In early June, I went with a few friends to check out some muskegs at Eaglecrest. In addition to the common round-leaf sundew, we found some long-leaf sundews already making flower buds. Both of these diminutive species supplement their income by capturing hapless small insects on sticky hairs on their leaves and digesting their victim’s juices. There seem to be minor differences in their preferred habitats: longleafs are more likely to grow on soils less densely covered by mosses and other plants. For some reason, perhaps habitat availability in part, longleafs seem to be much less common than the other sundew.
Sundews are not our only insectivorous plants. Butterworts grow in the meadows on Douglas, for example, and in the subalpine meadows on Gold Ridge. Their leaves are sticky traps for insects.
Bladderwort is a delicate, fragile aquatic plant sometimes found in muskeg ponds; it captures tiny aquatic creatures in ingenious little bladders with a narrow opening. The opening of each bladder is guarded by trigger hairs; when disturbed by a passing crustacean or insect, the triggers signal the bladder to open. The walls of the bladder are held inward under tension, but when triggered, the walls expand, and the lowered pressure inside the bladder sucks in the victim. Nifty!
While we were exploring the Eaglecrest muskegs, we also noticed that some of the shore pines bore tiny red rosettes near their growing tips, usually on the upper branches. What???? Not some other organism that has taken up residence there. I was sure I’d seen these bright rosettes before, but any knowledge of them seemed to have fallen through the ever-widening cracks in what used to be my memory. However, after a bit of discussion, we settled on the right answer — these are brand new seed cones! Other shore pines bore clusters of pollen-producing male cones, just at the right time to pollinate the new cones.
Reproduction in pines is a complex business that includes many seemingly strange delays. The new seed cones were initiated the previous fall but don’t emerge as rosettes until spring. Only the upper scales of the red rosettes bear fertile ovules. When the scales of the rosette open up, a drop of fluid appears near the ovule; this is called a pollination drop. It lasts two to four days, and then it is withdrawn, pulling in any pollen brought in by the wind. The rosette scales then enlarge and close; the receptive period is over.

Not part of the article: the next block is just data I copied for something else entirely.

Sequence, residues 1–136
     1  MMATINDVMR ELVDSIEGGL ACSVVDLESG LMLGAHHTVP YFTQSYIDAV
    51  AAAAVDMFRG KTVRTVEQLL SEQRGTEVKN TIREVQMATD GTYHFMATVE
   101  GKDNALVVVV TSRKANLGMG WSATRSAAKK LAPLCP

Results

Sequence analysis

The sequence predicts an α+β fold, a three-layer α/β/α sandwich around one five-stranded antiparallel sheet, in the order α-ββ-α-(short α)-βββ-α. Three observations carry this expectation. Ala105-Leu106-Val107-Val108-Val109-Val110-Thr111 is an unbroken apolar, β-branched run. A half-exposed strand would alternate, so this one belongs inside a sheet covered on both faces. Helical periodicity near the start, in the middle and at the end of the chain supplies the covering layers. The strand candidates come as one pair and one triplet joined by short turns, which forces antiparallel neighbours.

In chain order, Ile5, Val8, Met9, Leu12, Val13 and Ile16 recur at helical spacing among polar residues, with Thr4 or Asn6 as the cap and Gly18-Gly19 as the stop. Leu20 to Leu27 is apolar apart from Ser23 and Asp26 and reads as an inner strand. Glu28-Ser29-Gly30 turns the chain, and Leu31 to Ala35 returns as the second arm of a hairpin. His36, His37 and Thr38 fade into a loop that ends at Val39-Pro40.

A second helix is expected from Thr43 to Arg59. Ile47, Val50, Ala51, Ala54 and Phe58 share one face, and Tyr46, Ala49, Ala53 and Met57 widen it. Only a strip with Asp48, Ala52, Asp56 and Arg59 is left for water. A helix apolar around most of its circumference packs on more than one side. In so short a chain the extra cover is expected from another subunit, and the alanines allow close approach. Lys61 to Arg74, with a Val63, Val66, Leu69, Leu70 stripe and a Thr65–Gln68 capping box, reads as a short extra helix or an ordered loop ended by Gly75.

However, the pollen does not germinate immediately, and fertilization of ovules occurs about a year after pollination. Then the embryos develop over the following year, and the seed is filled with food for the seedling. However, pollen from another individual tree is more likely to result in viable, filled seeds than pollen from the same individual. Then the seed cone scales enlarge, and after two full years, the seed cone is mature and ready to shed its seeds.
So, if (and that’s a big if) a twig makes a cone or two every year, observers might see the red rosette at the tip, then a small cone or two where last year’s shoot tip was, and below that, a mature cone ready to shed seeds in fall. Older cones that have long since shed their seeds may still cling to the twig farther down.
Shore pine cones take two years to mature, but there are other kinds of pines in which cone development takes even longer, as much as six years! But why?? For comparison, seed cones in spruce and hemlock mature in the year they are pollinated. What ecological factors account for the great differences in the “strategies” of cone maturation among all these related conifers?
A few days later, a beautiful brown spider, with gold stripes on its long abdomen, clung to the top of a beach-rye seed head. As I watched, it crept out into the space on the eight-inch journey to another seed head, seeming to walk on air. I could see that two of its legs were prodigiously long, far longer than the other six. Then it fussed about on the second seed head for a short while, moved down an inch or two, and slowly came back to the first seed head. Of course there must have been some silk strands in place, but I could not see them from any angle of view, they were so fine. The diligent spider then seemed to lay down some vertical strands across the existing horizontal ones, working on an invisible web. I would like to know how the first horizontal threads were laid down across that sizable gap. I don’t know her name, so I can’t look up anything about this lovely beastie.
The next week, I perched on a log in the sun, with a clump of beach pea on one side and a stand of lupine on the other. Several small worker bumblebees visited the lupines, erratically checking out a flower here or there on different inflorescences, zooming off a little way and then returning. Occasionally, one would open a flower, pressing down on the lower lip, but never stayed more than about one second. Was that time enough to sip some nectar or was this a sign that no reward was available? If nectar rewards were present, why were the visits so erratic?
What a contrast with the behavior of a big, fat queen bee, who was all business. She went straight to the beach peas and systematically visited every open or nearly open flower in the clump. Her behavior suggested to me that she was regularly rewarded for her visits — otherwise, why stay?
• Mary F. Willson is a retired professor of ecology. “On The Trails” is a weekly column that appears every Friday. Her essays can be found online at onthetrailsjuneau.wordpress.com.